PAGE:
Balfour Beatty (Reason for interest in BS 10500)


  • Balfour Beatty undertakes business in numerous medium and high corruption risk territories. The board and management of Balfour Beatty are determined to ensure that the company has adequate procedures in place to prevent it becoming involved in any corrupt transactions.
  • Balfour Beatty believes that it has implemented an anti-bribery compliance programme which is compliant with international best practice for the following reasons:
    - To explore how BS 10500 could be used by a qualified external body to assess and the implementation of the company’s anti-bribery compliance programme.
    - As a positive contribution to the development of anti- corruption best practice.


  • Balfour Beatty’s Head of Ethics and Compliance and Head of Risk Management & Assurance discussed each BS 10500 requirement with a BSI-appointed consultant, and compared the company’s policies and procedures with the BS 10500 requirements.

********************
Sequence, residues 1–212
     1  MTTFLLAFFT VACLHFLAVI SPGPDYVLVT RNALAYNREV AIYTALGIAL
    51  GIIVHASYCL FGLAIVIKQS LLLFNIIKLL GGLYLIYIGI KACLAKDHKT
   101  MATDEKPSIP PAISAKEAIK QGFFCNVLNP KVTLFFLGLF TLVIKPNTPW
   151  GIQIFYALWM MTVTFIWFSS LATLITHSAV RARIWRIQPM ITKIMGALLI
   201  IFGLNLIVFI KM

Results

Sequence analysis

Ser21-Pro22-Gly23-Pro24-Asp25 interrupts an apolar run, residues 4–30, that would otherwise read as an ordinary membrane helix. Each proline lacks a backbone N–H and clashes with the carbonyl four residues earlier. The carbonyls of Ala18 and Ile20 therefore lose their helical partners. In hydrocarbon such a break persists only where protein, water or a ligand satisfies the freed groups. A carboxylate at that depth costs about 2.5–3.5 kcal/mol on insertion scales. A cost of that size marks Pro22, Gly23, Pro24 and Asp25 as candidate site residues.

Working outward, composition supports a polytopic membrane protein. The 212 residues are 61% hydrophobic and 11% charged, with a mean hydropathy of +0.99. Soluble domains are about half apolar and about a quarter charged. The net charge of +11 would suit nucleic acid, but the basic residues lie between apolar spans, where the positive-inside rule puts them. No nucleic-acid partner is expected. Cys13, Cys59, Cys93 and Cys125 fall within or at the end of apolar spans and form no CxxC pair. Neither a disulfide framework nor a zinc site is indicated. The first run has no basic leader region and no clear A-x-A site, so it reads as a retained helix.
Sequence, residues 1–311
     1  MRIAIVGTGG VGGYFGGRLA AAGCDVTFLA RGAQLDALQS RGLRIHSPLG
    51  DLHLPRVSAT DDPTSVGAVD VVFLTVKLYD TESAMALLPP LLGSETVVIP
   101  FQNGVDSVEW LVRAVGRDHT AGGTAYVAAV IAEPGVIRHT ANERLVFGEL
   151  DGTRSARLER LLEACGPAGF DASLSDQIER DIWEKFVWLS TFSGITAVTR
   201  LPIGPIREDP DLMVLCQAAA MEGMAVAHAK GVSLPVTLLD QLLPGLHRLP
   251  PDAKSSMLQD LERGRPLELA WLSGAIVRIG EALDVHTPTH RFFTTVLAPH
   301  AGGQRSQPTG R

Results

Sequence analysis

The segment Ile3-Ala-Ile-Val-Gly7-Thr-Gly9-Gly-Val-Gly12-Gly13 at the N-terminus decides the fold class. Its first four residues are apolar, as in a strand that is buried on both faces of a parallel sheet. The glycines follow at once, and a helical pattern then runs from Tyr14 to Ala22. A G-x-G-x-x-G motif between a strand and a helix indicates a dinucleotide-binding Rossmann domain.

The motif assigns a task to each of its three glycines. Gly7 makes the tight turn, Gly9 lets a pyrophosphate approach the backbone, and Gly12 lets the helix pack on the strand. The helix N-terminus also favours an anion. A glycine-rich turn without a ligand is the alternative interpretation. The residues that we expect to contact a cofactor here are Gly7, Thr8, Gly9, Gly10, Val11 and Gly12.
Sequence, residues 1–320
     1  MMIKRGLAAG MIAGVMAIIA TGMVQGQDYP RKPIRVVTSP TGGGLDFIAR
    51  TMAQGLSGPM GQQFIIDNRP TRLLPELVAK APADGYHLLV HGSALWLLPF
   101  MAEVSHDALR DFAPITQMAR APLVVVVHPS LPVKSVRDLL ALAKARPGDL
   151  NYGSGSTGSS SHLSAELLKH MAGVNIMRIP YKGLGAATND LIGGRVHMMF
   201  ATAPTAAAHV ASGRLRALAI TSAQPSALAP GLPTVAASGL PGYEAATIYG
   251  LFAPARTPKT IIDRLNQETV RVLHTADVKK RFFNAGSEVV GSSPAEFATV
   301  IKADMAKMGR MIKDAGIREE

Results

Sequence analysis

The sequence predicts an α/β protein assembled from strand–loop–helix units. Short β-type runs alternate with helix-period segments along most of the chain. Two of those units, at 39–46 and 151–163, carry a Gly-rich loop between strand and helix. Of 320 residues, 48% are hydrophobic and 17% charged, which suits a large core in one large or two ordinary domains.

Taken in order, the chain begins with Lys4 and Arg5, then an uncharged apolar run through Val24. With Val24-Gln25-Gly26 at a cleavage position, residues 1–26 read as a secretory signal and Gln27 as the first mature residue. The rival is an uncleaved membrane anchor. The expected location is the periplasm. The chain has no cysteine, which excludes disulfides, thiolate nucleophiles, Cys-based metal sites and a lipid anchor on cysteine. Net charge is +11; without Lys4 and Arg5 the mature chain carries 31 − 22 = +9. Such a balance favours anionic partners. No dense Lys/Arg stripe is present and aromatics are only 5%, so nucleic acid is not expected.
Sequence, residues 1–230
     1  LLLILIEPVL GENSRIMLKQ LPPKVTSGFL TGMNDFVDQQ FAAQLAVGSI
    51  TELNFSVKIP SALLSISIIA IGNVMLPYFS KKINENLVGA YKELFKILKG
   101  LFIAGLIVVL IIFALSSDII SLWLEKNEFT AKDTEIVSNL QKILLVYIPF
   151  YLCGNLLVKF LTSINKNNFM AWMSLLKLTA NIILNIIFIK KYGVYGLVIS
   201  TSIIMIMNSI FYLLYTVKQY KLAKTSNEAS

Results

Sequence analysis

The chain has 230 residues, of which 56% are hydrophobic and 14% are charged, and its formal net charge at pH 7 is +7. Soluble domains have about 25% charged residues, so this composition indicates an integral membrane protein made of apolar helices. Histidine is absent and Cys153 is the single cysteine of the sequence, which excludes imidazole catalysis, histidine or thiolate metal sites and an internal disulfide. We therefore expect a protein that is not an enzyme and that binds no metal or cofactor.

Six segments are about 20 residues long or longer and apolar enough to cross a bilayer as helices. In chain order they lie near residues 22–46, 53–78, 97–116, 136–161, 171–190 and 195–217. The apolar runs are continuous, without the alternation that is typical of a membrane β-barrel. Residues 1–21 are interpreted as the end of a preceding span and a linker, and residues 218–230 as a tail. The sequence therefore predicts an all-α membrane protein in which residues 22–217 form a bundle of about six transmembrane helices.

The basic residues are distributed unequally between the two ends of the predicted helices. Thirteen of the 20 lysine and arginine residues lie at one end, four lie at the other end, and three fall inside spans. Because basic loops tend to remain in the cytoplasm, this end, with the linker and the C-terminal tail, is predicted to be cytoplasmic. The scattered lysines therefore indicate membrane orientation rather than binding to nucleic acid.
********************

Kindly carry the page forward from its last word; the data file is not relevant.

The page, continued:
• Balfour Beatty’s compliance with it, following the assessment and believes that its anti-bribery’s compliance programme is consistent in all material respects with the requirements of the standard:
  • Balfour Beatty’s has a clear anti-corruption policy, which has been communicated to its employees, clients and supply chain and is posted on the company’s web-site.
  • The company’s board and senior management actively lead the implementation of this policy.
  • The company has a Board Committee. They meet three times per year and review the company’s implementation of its anti-bribery policies and procedures. Meetings are also attended by the Head of Ethics & Compliance and other relevant executive managers.
  • The Head of Ethics & Compliance is responsible for ensuring that the company effectively implements its anti-corruption policies and procedures.
  • Balfour Beatty has risk assessment and due diligence procedures which apply in relation to the appointment of agents, joint venture partners, sub-contractors and suppliers, and prior to tendering for projects in medium or high corruption risk markets.